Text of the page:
Day 10: Final Day in Athens

In which we put ourselves on a forced march through the city.

Goodbye, Olympia. It was great!

Christiana organizes us off the ship in what must be record time, and we are shortly back on the bus and again in the weekday traffic to Athens. Read more of this post

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Day 9: Evening in Santorini

We aren’t due to arrive in Santorini before 4 pm. It will be dark then. And there are weather dependencies and tenders to send and busses to meet and switchbacks to navigate and half the length of the island to each Oia and our scheduled visit.

But I so so SO want to see Santorini.

Read more of this post

Day 9: Morning on Crete

Crete is the largest of the Greek Isles and of course we are only seeing a piece of it.

That starts with the Palace of Knossos. Pronounce the K: Kuh-nos-os. It’s easily the oldest site we visit, all told, dated somewhere between 4500 and 6000 BC (so says our guide we barely understand) and… Read more of this post

Day 8: Night on Patmos

We arrive on the tiny isle of Patmos at dusk. We walk up first to the monastery, our tour guide very soft spoken but very clear, which makes her seem very earnest. And thoroughly likable. Read more of this post

Day 8: Morning in Ephesus

The excursion to Ephesus is included in our package and was noted by both Elena and Christiana as a highlight of our trip.

They were not kidding!

Despite the late night we are all up and on time (good thing too) for our tour of Ephesus, in Turkey. Which means it’s not just another country for me: it’s another continent!

Our tour guide (whose name I can’t spell but it is pronounced like “John”) is delightful. He tells us, on route to the ruins at Ephesus, about his experience over 20 years as a tour guide. About common misconceptions about Turkey, about his family, and about the site we are visiting. Read more of this post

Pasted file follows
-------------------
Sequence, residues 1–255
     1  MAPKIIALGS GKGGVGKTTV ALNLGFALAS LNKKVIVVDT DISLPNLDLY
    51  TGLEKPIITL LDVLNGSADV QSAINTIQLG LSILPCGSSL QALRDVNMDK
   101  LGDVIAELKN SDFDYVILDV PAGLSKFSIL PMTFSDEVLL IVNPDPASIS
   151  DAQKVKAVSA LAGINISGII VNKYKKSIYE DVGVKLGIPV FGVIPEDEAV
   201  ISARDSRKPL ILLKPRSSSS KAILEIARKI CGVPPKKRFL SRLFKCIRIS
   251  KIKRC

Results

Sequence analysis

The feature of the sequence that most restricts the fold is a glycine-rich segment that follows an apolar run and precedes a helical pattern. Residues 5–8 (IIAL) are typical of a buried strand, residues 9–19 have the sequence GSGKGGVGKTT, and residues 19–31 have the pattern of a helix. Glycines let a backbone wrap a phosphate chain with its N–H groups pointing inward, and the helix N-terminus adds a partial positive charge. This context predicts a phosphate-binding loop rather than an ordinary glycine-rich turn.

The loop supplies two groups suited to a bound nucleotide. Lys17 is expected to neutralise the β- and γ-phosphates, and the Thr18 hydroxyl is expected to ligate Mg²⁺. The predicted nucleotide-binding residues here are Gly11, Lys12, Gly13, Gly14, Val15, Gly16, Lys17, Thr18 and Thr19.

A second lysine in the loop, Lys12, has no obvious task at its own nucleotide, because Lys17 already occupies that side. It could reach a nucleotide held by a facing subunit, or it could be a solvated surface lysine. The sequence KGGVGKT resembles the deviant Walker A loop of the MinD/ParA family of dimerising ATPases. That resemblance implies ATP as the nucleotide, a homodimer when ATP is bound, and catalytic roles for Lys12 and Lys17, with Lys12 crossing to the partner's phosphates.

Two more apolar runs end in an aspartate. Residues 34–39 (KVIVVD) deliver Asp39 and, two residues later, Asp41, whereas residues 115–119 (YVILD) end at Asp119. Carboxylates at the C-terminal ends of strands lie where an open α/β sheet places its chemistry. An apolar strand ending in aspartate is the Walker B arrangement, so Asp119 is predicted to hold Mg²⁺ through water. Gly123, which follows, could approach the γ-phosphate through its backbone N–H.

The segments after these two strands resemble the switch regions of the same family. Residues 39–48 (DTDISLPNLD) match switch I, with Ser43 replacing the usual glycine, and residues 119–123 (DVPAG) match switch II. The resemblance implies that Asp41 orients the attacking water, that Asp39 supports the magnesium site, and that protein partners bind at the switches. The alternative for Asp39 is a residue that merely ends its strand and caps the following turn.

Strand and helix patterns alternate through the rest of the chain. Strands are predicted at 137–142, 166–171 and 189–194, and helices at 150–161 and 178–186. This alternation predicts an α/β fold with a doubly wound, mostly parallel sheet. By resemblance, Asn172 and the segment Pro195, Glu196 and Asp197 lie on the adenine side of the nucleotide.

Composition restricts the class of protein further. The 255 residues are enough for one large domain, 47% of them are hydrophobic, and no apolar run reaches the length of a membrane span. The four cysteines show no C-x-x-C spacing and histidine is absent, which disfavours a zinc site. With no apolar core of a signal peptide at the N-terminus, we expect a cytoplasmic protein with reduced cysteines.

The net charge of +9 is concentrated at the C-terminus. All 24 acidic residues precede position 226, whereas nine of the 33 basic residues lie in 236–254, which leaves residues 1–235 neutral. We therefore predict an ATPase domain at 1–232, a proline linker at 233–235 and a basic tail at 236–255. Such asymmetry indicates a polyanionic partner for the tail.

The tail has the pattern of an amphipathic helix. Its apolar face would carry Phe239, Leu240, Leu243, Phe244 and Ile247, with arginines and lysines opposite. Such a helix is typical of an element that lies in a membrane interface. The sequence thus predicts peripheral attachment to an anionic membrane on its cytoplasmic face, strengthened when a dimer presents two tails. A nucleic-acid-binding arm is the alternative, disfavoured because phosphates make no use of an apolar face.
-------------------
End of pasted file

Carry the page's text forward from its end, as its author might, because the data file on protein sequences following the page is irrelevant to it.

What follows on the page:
Day 6: Delphi and Athens Again

The grounds at Delphi, which we saw at a distance from below, are amazing once we get on site. Elena tells us a bit about the history and mythology of the place, about Apollo as god of light and wisdom. Hmm, I wonder who this could be foreshadowing?

After exploring the grounds we go inside to the museum as well.

Part Sphinx, part Griffin

Impressive friezes

Afterwards we get back on the bus to return to Athens, with just enough time to say a warm goodbye to Elena – our tour guide for the cruise portion of the trip will be Christiana – and put ourselves together for our optional (fancier) dinner out at the marina.

Then it’s back to The Stanley to repack, get some rest, and regroup for our departure to the cruise ship tomorrow.

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Happy Thanksgiving to my US readers!

Day 5: Circling the Corinthian Bay to Delphi

We leave Olympia, stopping first for a taste of olives, olive oil, and Greek wines (Οπα!) and then begin our journey in earnest, crossing the Rio-Antirrio bridge.

Then we trace a path overlooking the Corinthian Bay, water sparkling in the sunshine. We progress to Patras for lunch, where the scenery is the most delicious offering of all.

We press on and stop to see the lower ruins at Delphi, which we will visit in the morning.